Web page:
Despite these setbacks for the Project, the Tharwa team continues to operate openly in Syria and the broader MENA region, and the number of its members, supporting partners and regular contributors is on the rise.

The Tharwa Foundation established its headquarters in the Washington, DC area in December 2006. The Foundation currently sponsors a number of activities in the region such as the Tharwa Institute for Democratic Leadership, launched in 2007 to help train a new generation of young democracy activists. Tharwa’s multimedia reports and publications are now hosted online at the Tharwa Foundation website .The US office now administers and coordinates Tharwa’s programs and activities, and hopes to expand the scope of these activities over the coming years to enable the emergence of a new, diverse class of democratic leaders, empowered to represent the true aspirations of the people of the broader MENA region.

The Tharwa Manifesto

The Tharwa Commonwealth , commonly referred to as the Middle East, the Greater Middle East, and the Muslim World among other inaccurate appellations, suffers from many intrinsic problems that have pushed its states to the brink of social and political implosion.

  • We believe that the Tharwa Commonwealth belongs to all its peoples, regardless of

their ethnicity, religious background and social status.

  • We believe that our strength in the Commonwealth lies in our diversity and in finding suitable ways to improve and strengthen communal interrelations, and suitable accommodations for the needs and aspirations of the various constituent communities in our midst.
  • We believe in the rule of law, in the equality of all under the law, and in responsible, accountable, democratic governance.
  • We believe in the freedom of all people to personal, political and artistic expression.
  • We believe development and education are the keys to empowerment.
  • We believe in the right of civil society leaders to take an active part in shaping the future of the Commonwealth .
  • We believe that we are entitled to a fairer share in the global decision-making process and that the most convincing way to achieve this lies in development and education.
  • We believe that the responsibility for peacemaking and conflict resolution in the Commonwealth rests primarily on our shoulders. The role of the international community lies not in imposing their solutions on us but in supporting and helping to guide our efforts in accordance with existing international laws and conventions.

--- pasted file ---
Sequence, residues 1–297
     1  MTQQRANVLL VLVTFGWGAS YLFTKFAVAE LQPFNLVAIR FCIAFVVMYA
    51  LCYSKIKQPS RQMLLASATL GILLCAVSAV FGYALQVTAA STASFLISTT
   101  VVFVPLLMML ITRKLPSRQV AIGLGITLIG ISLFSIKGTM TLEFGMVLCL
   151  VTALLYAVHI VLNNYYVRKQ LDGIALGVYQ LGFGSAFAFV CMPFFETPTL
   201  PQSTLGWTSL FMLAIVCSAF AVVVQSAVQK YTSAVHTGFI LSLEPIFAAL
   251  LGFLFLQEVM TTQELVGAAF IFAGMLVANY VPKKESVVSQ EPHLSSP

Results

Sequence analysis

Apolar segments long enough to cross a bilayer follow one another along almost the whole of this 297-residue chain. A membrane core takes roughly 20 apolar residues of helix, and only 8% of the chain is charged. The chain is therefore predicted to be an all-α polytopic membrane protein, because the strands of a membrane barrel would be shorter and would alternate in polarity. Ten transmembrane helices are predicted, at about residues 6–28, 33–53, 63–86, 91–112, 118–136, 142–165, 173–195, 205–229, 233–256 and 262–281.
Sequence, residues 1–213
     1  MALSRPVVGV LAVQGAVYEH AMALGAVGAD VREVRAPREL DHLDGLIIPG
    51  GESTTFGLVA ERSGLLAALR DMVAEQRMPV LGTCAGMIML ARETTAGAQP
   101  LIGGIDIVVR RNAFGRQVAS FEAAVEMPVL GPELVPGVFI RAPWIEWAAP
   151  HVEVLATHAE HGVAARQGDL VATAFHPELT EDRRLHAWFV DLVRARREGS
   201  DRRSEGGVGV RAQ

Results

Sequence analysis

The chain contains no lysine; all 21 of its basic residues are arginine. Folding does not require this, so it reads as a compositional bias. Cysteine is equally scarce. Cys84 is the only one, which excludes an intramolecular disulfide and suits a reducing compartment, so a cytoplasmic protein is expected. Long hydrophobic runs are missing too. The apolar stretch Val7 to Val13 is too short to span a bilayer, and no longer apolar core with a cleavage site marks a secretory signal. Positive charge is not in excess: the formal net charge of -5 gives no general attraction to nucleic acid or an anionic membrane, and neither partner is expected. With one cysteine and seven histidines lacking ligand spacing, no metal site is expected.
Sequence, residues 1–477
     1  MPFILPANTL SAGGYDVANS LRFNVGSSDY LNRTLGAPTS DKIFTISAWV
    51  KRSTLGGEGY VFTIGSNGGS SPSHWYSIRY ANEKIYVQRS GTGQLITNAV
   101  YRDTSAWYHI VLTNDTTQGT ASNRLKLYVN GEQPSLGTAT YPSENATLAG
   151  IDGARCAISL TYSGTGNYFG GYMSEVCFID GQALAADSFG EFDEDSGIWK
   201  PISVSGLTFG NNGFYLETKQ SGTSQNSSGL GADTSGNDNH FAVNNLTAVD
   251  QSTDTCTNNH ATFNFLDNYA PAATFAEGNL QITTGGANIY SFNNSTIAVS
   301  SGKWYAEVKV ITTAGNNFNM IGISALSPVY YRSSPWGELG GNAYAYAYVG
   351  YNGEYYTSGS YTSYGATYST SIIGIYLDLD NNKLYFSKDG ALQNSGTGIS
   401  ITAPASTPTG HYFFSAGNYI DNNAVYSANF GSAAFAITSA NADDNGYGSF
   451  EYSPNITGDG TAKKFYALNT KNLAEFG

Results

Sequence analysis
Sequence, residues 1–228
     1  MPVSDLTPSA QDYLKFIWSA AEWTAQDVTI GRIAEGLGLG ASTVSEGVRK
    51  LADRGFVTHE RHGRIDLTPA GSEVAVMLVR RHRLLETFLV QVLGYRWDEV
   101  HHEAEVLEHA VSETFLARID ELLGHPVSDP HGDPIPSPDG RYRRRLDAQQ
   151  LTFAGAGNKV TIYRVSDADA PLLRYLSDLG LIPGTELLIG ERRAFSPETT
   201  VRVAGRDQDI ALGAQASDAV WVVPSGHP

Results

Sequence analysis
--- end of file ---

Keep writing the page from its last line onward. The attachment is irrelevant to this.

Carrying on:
• We believe that, while we have every right to fight for the independence and liberation of our occupied lands, we should be mindful that our national causes are not hijacked by the ruling regimes for the sake of justifying their continued oppression, and that our methods do not endanger the cause of developing our countries and societies.
  • We believe in extending a hand of friendship to peoples across the world in order to empower ourselves and press our governments to adopt better more enlightened policies with regard to our interaction and intermingling.
  • We believe in the need and necessity of establishing regional institutions, organizations and networks that can help us address our various developmental challenges in coordination with like-minded international institutions and organizations.[2]


The Tharwa Institute for Democratic Leadership

The Institute is a training initiative for emerging reformers and human rights activists from the broader Middle East and North Africa (MENA) region. The program consisted of two five day workshops in Istanbul, and a six-month online course in Arabic addressing the key concepts of authoritarian and democratic political systems, political transitions, and advocacy campaign planning.[4]

The Citizen Journalism Initiative

By sponsoring unaffiliated journalists, Tharwa hopes to provide an unfiltered source of news and analysis from citizens in Syria and the MENA region for regional analysts, researchers, and policymakers. [5]. The Foundation sponsors this program through hosting citizen journalists on the Syrian Elector website ( and the Tharwa Foundation website (

This Maryland-based non-profit acts as the mechanism to help thousands of Muslims highlight cross-culture commonalities and set aside divergent ideologies. [6]

Further reading


External links